This is a very common foot injury involving the irritation or degeneration of a thick layer of tissue, known as the fascia, which is located at the bottom of our feet.
The fascia is a layer of tissue acting as the spring as you walk or run. If you increase your running volume too quickly, it may put the fascia under more stress. Muscle tightness and weak calves may also increase the risk of this injury.
The symptoms would usually include the following:
- Pain developing gradually around your heel and/or midfoot
- Pain that feels worse during the morning and/or after performing prolonged activities
- You feel a burning sensation at the bottom of one or both your feet
- Shin Splints
Shin splints, also known as tibial stress syndrome, refers to the pain occurring in the front or inner parts of the lower legs, along the shinbone. These can occur as you increase the volume of running too quickly, especially if you run on hard surfaces.
Shin splints usually aren’t serious and with proper rest, they would go away on its own. However, if you leave it untreated, it may end up becoming stress fractures. These are the symptoms of shin splints:
- Mind swelling
- Tenderness around the area
- Pain worsening as you exercise
- Dull pain along the front or inner parts of the shinbone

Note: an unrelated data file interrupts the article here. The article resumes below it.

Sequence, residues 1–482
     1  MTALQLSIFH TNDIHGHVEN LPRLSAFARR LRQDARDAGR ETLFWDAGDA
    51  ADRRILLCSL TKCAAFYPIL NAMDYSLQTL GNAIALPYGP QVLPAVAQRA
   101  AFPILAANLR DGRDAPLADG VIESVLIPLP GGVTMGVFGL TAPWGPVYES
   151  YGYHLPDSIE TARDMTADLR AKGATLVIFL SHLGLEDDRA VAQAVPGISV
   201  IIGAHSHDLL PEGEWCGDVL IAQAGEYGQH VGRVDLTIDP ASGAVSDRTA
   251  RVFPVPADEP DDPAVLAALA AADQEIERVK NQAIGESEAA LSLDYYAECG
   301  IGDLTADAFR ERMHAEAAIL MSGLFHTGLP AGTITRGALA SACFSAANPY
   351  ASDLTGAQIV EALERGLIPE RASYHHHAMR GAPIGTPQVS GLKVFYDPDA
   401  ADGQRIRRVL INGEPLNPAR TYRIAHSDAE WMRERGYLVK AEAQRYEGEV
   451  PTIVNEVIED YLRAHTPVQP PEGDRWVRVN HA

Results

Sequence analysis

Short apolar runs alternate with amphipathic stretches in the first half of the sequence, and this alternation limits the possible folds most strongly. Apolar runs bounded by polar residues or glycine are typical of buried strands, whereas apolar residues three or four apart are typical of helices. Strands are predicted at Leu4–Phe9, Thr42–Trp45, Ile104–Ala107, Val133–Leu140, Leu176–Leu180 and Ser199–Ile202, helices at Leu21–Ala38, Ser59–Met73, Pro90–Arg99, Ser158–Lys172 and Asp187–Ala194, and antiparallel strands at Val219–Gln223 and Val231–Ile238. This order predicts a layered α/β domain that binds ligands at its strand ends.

You can help treat your shin splints with proper rest or to cut back on how far or frequently you run.
As mentioned, there are also stress fractures, which are hairline cracks forming on the bone from repetitive impact or stress. For runners, these would occur in the heel, lower leg, or top of the feet. If ever you suspect you have a stress fracture, you’ll need to see your doctor for treatment immediately, and it will be diagnosed through an X-ray.
The symptoms would include:
- Pain worsening over time and can be felt even when at rest
- Bruising, swelling, tenderness in the area of the stress fracture
It would take between 6-8 weeks for a stress fracture to heal, with some need to use crutches and wear a cast for a certain period.
Wrapping It Up
Whether you’re running professionally or for fun, you may experience a few aches and pains along the way. That’s why you need to know the common running injuries to know if that pain is something serious, so you can treat it right away. Things like physiotherapy can help you answer your questions and to receive the right treatment to continue running.
Hopefully, you are now more familiar with the different running injuries and what it entails. Do your best to prevent any of these injuries from happening to you, and if you feel any of the symptoms mentioned above, talk with your doctor about it for immediate treatment.
Do you have any questions or want to share your experiences and insights with any of these running injuries? Comment your thoughts down below, these are all much appreciated!
Barry Lachey is a Professional Editor at Zobuz. Previously He has also worked for Moxly Sports and Network Resources “Joe Joe.” he is a graduate of the Kings College at the University of Thames Valley London. You can reach Barry via email or by phone.